One of our most-read articles covered financial advice from wealthy and successful people. In that spirit, we’ve put together some tips that could influence your financial future from notable wealthy and successful people.
Find Something You Love to Do
Christopher Paul Gardner was once homeless, but he became a millionaire, inspiring the movie The Pursuit of Happiness, also a New York Times bestseller. He says, “Here’s the secret to success: find something you love to do so much, you can’t wait for the sun to rise to do it all over again.” Maybe you can’t start that design business, but you can go online or go to your library and start learning about it, and the sooner you do so, the better.”
Start as Soon as You Can
Often named the world’s wealthiest man, Mexican billionaire Carlos Slim Helu said “Start early.” And, he added, if you did not already start to manage your money while you were young, “Start now.” Helu began by saving money and buying shares in a Mexican bank at age 12, while he was earning 200 pesos ($11) a week working for his father.
Live Simply and Practically
Both Carlos Slim and billionaire investor Warren Buffett advise “living simply.” Buffett lives in the original home he bought for $31,500, while Slim has lived in the same house for over 40 years. “Constantly pursuing things you don’t need puts you on a financial treadmill,” Buffett says.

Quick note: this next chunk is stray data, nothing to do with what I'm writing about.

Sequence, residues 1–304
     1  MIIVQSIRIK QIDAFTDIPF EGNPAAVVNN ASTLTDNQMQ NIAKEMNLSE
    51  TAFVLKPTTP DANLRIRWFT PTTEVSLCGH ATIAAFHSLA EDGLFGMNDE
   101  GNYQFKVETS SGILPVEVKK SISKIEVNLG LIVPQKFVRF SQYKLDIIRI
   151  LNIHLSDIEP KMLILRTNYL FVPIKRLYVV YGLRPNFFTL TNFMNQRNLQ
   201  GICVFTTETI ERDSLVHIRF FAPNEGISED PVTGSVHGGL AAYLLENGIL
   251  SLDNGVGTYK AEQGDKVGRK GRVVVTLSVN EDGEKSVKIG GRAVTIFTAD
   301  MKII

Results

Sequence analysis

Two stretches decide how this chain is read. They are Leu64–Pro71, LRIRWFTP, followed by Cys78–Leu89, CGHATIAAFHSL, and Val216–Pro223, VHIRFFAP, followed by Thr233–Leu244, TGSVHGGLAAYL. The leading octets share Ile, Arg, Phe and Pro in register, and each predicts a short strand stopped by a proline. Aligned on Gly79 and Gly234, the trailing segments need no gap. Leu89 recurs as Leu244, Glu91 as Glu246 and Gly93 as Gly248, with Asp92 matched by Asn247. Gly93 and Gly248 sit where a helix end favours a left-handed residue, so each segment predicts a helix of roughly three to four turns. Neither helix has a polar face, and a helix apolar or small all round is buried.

The founder of IKEA furniture and Jim Walton of the Wal-Mart family drive practical cars that are more than 10 years old. Both advise viewing cars as tools, focusing on safety, usability and comfort.
Change How You Spend and Find Wealthier Friends
Self-made millionaire Daniel Ally, who writes for Entrepreneur magazine, has some thought-provoking advice. First, he says that many people spend 30 to 50% of their paycheck on entertainment, but wealthy people spend less. Since entertainment includes dining out, movies, recreation, and television/internet, he is likely right. Second, he also points out that many people spend the money in their bank account on items they think they need, but which are not truly needed. Rich people, Ally says, save at least 10% of their money and rarely, if ever, take out personal loans for themselves. They also pay off their debts more quickly if they do have them.
Ally also has some additional advice for people who want to increase their wealth. He advises people to choose their friends wisely, seeking out people who are better-off financially and learning from them. He also recommends “exposing yourself to wealth,” which could include visiting luxurious local attractions such as golf courses, spas or museums. You could also reach out and help others in the community. Regardless of how you feel about volunteering, it can offer opportunities to get to know others who could benefit you and your financial future.